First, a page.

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News: Associations News

Great leaders have a coach

28 March 2018   (0 Comments)
Posted by: Katie Spackman
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Leading an Association today is less about what you know, or who you know. It’s more about how you are. And engaging a coach is an effective way to understand yourself better, connect better with your people and move your Association forward. John Scarrott is the retained coach for the Association of Association Executives members. Here he explains just why coaching is useful for leaders and what makes coaching different to other forms of support.

Coaching makes a modern leader

Why is coaching useful for an Association leader? One explanation is that the meaning of good leadership has changed. What is now required of a leader makes coaching more relevant and necessary for those heading up Associations than ever before.

The three key shifts that have changed what is required of a leader:

·       ‘Leader as expert’ to ‘Leader as enabler’: your team are the experts. It’s your role to support them to expand their expertise, harness it and turn it to theirs and the Associations advantage.

·       ‘Leader as served’ to ‘Leader as servant’: ask not ‘here’s what I want you to do.’ Ask ‘what can I do for you to make this happen?’

·       ‘Leader as one’ to ‘Leader as many’: it’s not up to just one person to be the leader. Your job is to inspire and develop every member of your team to lead.

Making the shift from one place to the other cannot be achieved by what you know or your status. Your role as the leader is to be the catalyst for your team’s progress and development. And coaching can be very useful in supporting you to be that person.

What happens in coaching?

Just what happens when someone is coached? What does a coach do and what difference does it make?

·       A coach works with the person as well as the task: what this means is that they enable the person to understand what might be behind their success or something that stops them from fulfilling their potential. A coach works with their client as a person to uncover and examine their capacity for growth and then create a plan to utilise it.

·       A coach’s goals are to create learning, action and results. The act of being coached is therefore motivating. Coaching leads the person being coached to an understanding of the ‘how’ and ‘why’ of a situation for themselves. They are then able to plan, take action and make themselves accountable for that action. The coach supports this.

·       A coach works mostly in the present and the future. People and associations are all about progress, but they sometimes get stuck in the past or repeat behaviours. Coaching is useful in creating clarity around the present, what the future looks like, options to get there and then choosing the best of these options and turning them into action.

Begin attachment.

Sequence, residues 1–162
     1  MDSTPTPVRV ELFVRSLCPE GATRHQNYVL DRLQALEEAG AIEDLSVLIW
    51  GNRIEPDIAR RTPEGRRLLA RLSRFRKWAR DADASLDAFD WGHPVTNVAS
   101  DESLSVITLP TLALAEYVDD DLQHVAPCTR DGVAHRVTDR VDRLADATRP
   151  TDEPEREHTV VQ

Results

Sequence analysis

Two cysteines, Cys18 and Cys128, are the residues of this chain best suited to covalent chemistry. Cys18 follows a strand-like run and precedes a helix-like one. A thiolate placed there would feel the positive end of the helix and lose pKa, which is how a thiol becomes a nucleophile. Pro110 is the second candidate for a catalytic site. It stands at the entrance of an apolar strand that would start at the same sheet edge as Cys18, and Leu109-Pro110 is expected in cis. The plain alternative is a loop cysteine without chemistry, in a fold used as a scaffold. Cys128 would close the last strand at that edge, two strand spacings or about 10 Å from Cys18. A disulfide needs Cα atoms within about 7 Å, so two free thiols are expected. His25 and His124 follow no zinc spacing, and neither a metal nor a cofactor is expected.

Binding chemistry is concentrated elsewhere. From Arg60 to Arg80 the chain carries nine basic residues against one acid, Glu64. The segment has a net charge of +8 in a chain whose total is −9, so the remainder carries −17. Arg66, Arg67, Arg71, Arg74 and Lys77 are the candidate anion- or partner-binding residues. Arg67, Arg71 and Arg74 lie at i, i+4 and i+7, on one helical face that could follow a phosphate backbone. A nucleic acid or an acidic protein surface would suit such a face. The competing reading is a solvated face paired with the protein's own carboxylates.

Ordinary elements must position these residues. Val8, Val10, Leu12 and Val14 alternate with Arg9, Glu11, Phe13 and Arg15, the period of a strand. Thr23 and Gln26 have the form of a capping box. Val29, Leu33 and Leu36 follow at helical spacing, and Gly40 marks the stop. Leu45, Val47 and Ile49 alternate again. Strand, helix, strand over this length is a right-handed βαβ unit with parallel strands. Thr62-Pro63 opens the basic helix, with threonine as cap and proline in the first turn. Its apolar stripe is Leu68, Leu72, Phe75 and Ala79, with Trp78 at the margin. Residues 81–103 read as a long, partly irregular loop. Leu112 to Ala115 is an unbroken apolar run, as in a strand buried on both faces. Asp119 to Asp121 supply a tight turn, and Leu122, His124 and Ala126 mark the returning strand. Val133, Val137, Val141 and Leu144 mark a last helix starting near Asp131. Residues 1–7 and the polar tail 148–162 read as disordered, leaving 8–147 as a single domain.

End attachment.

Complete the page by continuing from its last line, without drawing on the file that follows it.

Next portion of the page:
·       A coach uses tools that create space for the person to find their own answers. They do not offer advice. They notice where the attention of the person being coached is going and ask about that. They ask about what that means? This is one of the tools a coach uses to create learning.

·       A coach supports the person to understand what they want from the coaching, why and how they will know they have got it. This makes coaching not only about discovery but also an actionable activity with the coach and client able to check in with each other to discuss progress towards the goal.

For leaders of Associations today, what you know, or who you know is not enough. It’s about how you are. By working with a coach, a leader can better understand themselves, and with that understanding make a real difference to their team, their Association and the community they serve.

Has this article got you thinking about coaching, for you or someone in your team? Email John at to arrange a confidential conversation. He’ll send you a document “Seven questions to get you thinking about what you want from coaching” which will help you clarify what you might want from coaching.

John Scarrott is a Trainer and Coach working with Association professionals to help them achieve their full potential. As a former Membership Director for the Design Business Association where he worked for 7 years, he developed a passion for the sector. He now supports the people within it to achieve their goals. He holds a Certificate in Professional Coaching Skills and trained with Coaching Development Ltd, whose highly regarded coach training courses are accredited by the International Coaching Federation (ICF), the only globally recognised professional coaching body. He is the IDM’s retained Presentation Skills trainer. He writes for the AAE and online on the subject of influential communication and has spoken, run workshops and chaired conferences for the Association since 2014.

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